It’s that time of year again: personal statements are looming and your tutors are telling you that they are due in very, very soon. You’ve probably contemplated not going to university purely to avoid writing your personal statement for law school, but don’t worry – these are all the tips you need to get it finished.
The entire purpose of the statement is to sell yourself and persuade a university to pick you, and you can’t do that if your points are just general comments.
Before you start writing your statement, choose at least one university you definitely want to attend by going to open days and looking online at their website. You can wait on the other four for now, but your personal statement will suffer if you have no idea about the universities you want to study at.
You need to research each university you’d like to attend (though none can be referenced explicitly as the same statement goes to each institution) so that any general point made can apply to each of these institutions.
When I wrote my personal statement, I had eight drafts in total. I uploaded it easily the week before it was due in and I got five offers in return.
Do not upload your first draft. Do not leave it until the day before to write your statement. Write your statement within plenty of time so you can redraft it over and over. Send it to tutors who agree to read it (multiple if you can), have your parents or guardian read it, make sure someone is there to check it over.
It’s also best to write your initial draft without the character count to truly get down everything that you want to say. It may end up (and likely should end up) being over the 4000 character limit, but this means you’ll be able to select which information is more important than others.
As stated, you have to be general for all five universities, but this does not mean that you cannot include certain specifics to show you have done your homework.
Typically students pick the same or similar courses at each university (though I did know one boy who was applying for a law and ethics course at one university and music production at another…) so you can include information about why you like this area. If each course has similar assessments or similar teaching styles, you can write about this.
There are many similarities you’ll be able to find between the courses, so look closely if you can use this in a statement.
The entire purpose of this personal statement is to persuade the university that they should offer you a place, and a great way to do this is by showing why you want to study the course. Talk about why you like this course and why you decided to study it at degree level. Tell them why you first were interested in this subject or why you have a passion for it.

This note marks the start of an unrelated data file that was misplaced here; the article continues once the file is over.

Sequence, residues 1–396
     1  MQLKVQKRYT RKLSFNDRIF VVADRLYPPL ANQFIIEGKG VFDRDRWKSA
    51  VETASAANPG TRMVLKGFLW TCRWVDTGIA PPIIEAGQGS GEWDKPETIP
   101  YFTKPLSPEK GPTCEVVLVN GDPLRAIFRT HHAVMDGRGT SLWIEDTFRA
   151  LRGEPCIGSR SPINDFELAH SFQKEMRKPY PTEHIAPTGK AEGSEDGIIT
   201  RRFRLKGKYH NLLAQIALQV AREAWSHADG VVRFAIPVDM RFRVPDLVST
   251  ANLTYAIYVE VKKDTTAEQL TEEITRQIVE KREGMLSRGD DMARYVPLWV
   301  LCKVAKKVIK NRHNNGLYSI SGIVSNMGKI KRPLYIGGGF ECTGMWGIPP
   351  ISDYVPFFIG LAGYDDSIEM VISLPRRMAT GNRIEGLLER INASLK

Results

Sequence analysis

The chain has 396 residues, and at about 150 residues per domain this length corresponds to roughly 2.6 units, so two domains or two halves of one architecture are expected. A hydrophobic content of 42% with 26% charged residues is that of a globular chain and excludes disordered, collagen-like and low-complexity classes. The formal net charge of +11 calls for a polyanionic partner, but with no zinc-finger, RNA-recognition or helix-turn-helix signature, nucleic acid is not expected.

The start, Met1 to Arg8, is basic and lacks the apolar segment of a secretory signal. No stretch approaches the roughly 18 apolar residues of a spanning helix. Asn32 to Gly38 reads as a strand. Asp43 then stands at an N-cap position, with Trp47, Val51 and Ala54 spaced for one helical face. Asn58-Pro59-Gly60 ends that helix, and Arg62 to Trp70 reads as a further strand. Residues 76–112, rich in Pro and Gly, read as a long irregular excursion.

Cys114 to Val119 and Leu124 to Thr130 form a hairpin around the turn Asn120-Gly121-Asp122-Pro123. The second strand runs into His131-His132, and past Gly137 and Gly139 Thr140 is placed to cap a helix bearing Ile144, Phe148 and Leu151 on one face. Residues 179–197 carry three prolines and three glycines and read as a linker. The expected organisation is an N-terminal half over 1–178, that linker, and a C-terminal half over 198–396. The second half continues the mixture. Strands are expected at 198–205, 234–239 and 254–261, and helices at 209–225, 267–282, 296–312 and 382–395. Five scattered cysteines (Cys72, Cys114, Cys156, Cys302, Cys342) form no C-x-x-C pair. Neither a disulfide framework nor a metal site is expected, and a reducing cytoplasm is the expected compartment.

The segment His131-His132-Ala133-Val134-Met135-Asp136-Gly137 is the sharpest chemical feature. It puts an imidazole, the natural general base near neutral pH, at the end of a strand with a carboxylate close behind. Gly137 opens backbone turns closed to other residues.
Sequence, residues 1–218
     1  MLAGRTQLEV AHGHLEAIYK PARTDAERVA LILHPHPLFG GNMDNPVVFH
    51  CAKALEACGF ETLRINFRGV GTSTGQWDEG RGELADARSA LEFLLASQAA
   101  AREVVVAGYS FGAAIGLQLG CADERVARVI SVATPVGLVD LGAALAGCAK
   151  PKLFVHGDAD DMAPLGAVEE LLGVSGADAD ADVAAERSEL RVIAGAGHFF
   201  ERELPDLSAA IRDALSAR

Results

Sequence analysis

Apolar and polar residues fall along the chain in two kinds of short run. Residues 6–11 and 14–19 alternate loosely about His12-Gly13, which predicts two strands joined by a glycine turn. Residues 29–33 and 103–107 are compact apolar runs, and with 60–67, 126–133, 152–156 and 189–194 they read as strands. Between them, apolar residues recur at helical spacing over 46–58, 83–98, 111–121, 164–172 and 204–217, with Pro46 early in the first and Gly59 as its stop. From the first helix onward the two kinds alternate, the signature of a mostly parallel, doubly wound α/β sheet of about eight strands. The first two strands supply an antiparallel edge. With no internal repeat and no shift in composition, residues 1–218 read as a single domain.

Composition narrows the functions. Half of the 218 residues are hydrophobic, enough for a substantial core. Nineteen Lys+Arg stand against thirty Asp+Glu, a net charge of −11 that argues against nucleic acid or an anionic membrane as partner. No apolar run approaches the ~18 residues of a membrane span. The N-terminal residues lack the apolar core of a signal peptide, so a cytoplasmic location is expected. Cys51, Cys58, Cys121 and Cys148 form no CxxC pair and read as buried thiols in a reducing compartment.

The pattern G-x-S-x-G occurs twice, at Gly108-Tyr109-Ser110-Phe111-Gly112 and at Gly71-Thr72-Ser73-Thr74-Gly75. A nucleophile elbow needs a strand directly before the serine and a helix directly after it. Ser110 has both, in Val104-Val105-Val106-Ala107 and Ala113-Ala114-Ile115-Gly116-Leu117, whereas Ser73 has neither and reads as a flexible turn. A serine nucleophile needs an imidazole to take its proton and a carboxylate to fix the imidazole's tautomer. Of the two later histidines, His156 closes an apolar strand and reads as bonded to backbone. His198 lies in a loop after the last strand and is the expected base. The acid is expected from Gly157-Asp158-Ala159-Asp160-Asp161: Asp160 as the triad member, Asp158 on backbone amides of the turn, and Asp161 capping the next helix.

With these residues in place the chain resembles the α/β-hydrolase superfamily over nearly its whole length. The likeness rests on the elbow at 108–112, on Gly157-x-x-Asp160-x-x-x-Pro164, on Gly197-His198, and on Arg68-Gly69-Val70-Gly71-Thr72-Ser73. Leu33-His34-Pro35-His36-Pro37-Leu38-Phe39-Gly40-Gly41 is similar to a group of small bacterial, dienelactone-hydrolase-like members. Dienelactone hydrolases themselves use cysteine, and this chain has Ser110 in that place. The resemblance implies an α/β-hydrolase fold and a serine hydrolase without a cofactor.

On that note – ‘passion’ is honestly my favourite word, but try to avoid using it more than twice in your statement. It’s probably the easiest word to overuse in this capacity, but an online thesaurus is your friend and you can get your point across by using ‘interest’ or a different way of phrasing.
Whilst you cannot include specifics about a university and why you want to go there, you can use this time to really sell yourself. It seems unnatural at first to write about all of your best qualities, but it’s a skill you’ll use in the future on job applications, so the faster you figure it out, the better.
Begin with writing simply about your achievements – if you find this challenging, begin by bullet pointing anything stand out that you can write; have you been in any competitions? Have you won any awards? Or maybe you have a part time job you can include, or a hobby. There are many things you can add which show why you’d be a great fit for university.
If you work in a shop, think of the qualities and skills that can transfer over: time management, organisation, team work, leadership, etc. You can do this for anything and it is much more persuasive than just listing what you think you’re good at. The best thing you can add to a statement is a real life example.
You need to also include what your future goals are. Of course you’re about eighteen right now, so no one expects you to have a concrete plan, but institutions like to hear that you at least have an idea of what the future might hold after your degree, even if you change your mind later.
This did not apply to me, but many universities hold interviews after personal statements (though they typically tell you this on their website or will tell you if you ring and ask). Tips for interviews is another blog post, but the most important thing this post can give you is that you cannot lie on your personal statement. The interviewer will be able to tell if you’re lying about your hobbies or anything and they won’t be impressed. Be yourself and be honest.
At the end of the day, this application is a big deal, but don’t get too stressed about it. When you’re at university and settled in, you probably won’t even remember what you wrote about. Focus on your studies and getting the best grades you can.
The best personal statement you can write will be true to yourself and show who you are and the right university will see that.
Words: Caitlin Ord
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